What to Do about Climate Change

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The state-of-the-art British-sponsored fasttrackassessment of the global impacts of climatechange, a major input to the much-heralded SternReview on the Economics of Climate Change, indicatesthat through the year 2100, the contribution ofclimate change to human health and environmentalthreats will generally be overshadowed byfactors not related to climate change. Hence, climatechange is unlikely to be the world's mostimportant environmental problem of the 21stcentury.

Analysis using both the Stern Review and thefast-track assessment reveals that notwithstandingclimate change, for the foreseeable future,human and environmental well-being will behighest under the "richest-but-warmest" scenarioand lower for the poorer (lower-carbon)scenarios. The developing world's future wellbeingshould exceed present levels by several-foldunder each scenario, even exceeding present wellbeingin today's developed world under all but thepoorest scenario. Accordingly, equity-based arguments,which hold that present generationsshould divert scarce resources from today'surgent problems to solve potential problems oftomorrow's wealthier generations, are unpersuasive.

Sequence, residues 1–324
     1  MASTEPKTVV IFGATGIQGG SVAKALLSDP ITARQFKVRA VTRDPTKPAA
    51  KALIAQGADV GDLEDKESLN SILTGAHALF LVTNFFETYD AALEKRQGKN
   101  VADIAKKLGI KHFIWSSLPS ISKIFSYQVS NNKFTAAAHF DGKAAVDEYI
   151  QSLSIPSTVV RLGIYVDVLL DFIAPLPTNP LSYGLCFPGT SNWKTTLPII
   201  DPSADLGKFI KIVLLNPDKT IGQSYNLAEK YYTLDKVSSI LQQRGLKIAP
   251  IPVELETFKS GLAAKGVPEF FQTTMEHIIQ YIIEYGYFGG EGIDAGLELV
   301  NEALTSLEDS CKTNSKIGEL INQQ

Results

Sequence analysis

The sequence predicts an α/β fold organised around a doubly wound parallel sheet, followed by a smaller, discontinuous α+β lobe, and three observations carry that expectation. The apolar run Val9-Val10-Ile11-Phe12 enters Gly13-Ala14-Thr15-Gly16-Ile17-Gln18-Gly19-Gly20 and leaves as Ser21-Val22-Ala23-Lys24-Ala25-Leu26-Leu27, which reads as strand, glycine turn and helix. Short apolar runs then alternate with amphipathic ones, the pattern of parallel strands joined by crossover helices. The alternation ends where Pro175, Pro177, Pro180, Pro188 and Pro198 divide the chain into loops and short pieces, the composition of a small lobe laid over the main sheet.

Halting climate change would reduce cumulativemortality from various climate-sensitivethreats, namely, hunger, malaria, and coastalflooding, by 4–10 percent in 2085, while increasingpopulations at risk from water stress andpossibly worsening matters for biodiversity. Butaccording to cost information from the UNMillennium Program and the IPCC, measuresfocused specifically on reducing vulnerability tothese threats would reduce cumulative mortalityfrom these risks by 50–75 percent at a fraction ofthe cost of reducing greenhouse gases (GHGs).Simultaneously, such measures would reducemajor hurdles to the developing world's sustainableeconomic development, the lack of which iswhy it is most vulnerable to climate change.

The world can best combat climate changeand advance well-being, particularly of theworld's most vulnerable populations, by reducingpresent-day vulnerabilities to climate-sensitiveproblems that could be exacerbated by climatechange rather than through overly aggressiveGHG reductions.